I have a question that effectively boils down to, "which version of Python should I use to write a new module for public distribution?". Is this a reasonable question to ask on Stack Overflow?

I believe it may run counter to the policy of not asking for recommendations from the help pages. If it is not the correct place to ask, then please let me know where it would be best to ask this question.

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    Sounds likely to be opinion based. Asking for Software Recommendations might be go better there, while making context and restrictions clear. – πάντα ῥεῖ Jul 5 '18 at 22:56
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    Yep, that looks like what I'm wanting. If you make this into a full answer if be happy to mark it as accepted. – Jake Conkerton-Darby Jul 6 '18 at 6:50
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    If you asked this question in the SO Python chatroom, a resounding "Python 3" would be the answer. It's bad enough that some people are still writing Python 2 code, with its official End of Life looming, providing a new Python 2-only library is counterproductive to the goal of encouraging such people to get their act together & migrate to Python 3. Almost all libraries & APIs of significance now cater to Python 3, although I realise that there are still a handful of exceptions, eg Maya. – PM 2Ring Jul 6 '18 at 14:39
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    The real question is which Python 3 minor version thigh. I've not done anything more than small gone utilities in Python so I'm not sure if that possibly a silly question, or if I should just write for the lowest version of python that will run what I want it to. – Jake Conkerton-Darby Jul 6 '18 at 14:53
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    @JakeConkerton-Darby: no it's not. "Any reasonably recent version" perfectly adequate, i.e. 3.6.x. 3.7.0 unless you're in production and you distrust its stability, in which case 3.6.x, until 3.7.1 comes out. – smci Jul 7 '18 at 1:40
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    Apart from SO's explicit prohibition, questions seeking a recommendation often exhibit another serious flaw: a lack of research effort. You can address both concerns by beefing up your question and reframing it. For example: I need to choose between X and Y. These are the benefits and drawbacks I see for X, and these are the benefits and drawbacks I see for Y. Have I missed anything significant? In that way you show research effort, and you are not asking for a recommendation. And such a question might invite more insightful responses than a simple "Should I use X or Y?". – skomisa Jul 7 '18 at 20:40
  • Once you go 3.x, there are very few scenarios where a later minor version is going to be a problem. For example, there are almost no 3.x modules out there that don't work in 3.4, and only a few (mostly those that do bytecode-hacking) that don't work in 3.7. You do lose WIndows NT4/2000 and OS/2 (and VMS, which had releases up to 3.3, but they usually didn't work), but how often do you care? So, even if someone is on 3.1, there's no reason they can't install 3.7, or run your PyInstaller-based 3.7 app. Or you could just deploy with Docker and it doesn't matter at all anymore. :) – abarnert Jul 8 '18 at 2:18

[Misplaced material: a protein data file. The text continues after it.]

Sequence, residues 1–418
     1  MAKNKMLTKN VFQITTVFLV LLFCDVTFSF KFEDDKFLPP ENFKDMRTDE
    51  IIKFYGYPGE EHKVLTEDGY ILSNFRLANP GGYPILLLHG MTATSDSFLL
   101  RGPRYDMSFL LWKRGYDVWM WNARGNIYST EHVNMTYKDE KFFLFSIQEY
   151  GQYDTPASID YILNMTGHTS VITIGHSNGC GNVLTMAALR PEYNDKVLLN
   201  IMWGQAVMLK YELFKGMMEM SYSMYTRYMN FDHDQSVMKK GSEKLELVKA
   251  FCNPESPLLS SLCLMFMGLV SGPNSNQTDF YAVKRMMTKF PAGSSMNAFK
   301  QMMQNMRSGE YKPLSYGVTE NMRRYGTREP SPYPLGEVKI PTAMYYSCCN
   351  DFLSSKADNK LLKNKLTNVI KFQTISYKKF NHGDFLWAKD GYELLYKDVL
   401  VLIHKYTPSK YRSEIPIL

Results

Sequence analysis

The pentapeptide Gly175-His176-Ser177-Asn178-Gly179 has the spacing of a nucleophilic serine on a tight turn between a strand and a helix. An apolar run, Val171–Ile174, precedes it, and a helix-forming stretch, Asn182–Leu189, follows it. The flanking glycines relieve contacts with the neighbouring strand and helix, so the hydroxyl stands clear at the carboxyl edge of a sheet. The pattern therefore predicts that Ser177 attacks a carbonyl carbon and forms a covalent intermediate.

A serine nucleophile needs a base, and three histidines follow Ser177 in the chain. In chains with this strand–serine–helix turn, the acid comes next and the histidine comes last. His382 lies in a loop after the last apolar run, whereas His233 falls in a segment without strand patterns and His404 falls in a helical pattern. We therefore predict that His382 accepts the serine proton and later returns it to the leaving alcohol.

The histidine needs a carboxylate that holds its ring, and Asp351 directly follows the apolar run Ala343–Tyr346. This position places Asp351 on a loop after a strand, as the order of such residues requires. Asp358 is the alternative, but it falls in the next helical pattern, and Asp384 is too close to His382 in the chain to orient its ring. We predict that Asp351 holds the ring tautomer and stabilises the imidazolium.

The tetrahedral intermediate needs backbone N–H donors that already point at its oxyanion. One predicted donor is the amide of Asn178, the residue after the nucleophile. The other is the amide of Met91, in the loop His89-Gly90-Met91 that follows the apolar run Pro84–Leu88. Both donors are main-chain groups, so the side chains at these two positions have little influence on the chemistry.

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    But, on the other hand, if you weren't planning to use, say, f-strings, or argparse interleaved options, or stable dict order, or any other features added after 3.4, then it doesn't really hurt you to use 3.4. (Although if you're not planning to use f-strings, you might want to rethink that one…) PS, this back-and-forth discussion over 2 days is exactly why you shouldn't ask the question you cleverly didn't ask. :) – abarnert Jul 8 '18 at 2:20

On the positive side, I'm really happy you decided to ask before posting the question. This shows that you're willing to come to Meta and at least inquire if it's reasonable or not.

Now to the meat of your question. The answer is...probably not. I say that because the clock is running out on Python 2 support, and it would seem incredibly silly for a Python developer to develop anything new that wasn't immediately thrown away in Python 2.

By and large, though, the choice of what version of a language or VM or environment your module runs on is best answered by you, anyway. You know more about your target audience and scope of the module than any stranger on the Internet, and you should leverage that knowledge to be sure that you're building on something that you believe will lead to wide adoption.

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    Yeah, I've been taking some of my spare time to help moderate Stack Overflow, so I've seen enough off topic questions to smell one that doesn't seem quite right, and didn't want to fall afoul of asking one myself. As for Python it'll definitely be 3.x, but the question really becomes which x would be best. I'm all for latest version, but I want the module to be widely applicable for people in general. – Jake Conkerton-Darby Jul 6 '18 at 6:53
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    @JakeConkerton-Darby Well then the answer is rather trivial: 3.0 and above. – Gimby Jul 6 '18 at 10:43
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    @Gimby Well, the number of people who require 3.0 and 3.1 could well be 0. Anyone who was enough of an early adopter to jump on 3.x before it was really usable is almost surely on 3.7, or maybe a local build of 3.8-pre, or a least 3.6. (Sadly, 3.2 actually came with a distros that a few people are still using.) – abarnert Jul 8 '18 at 2:12

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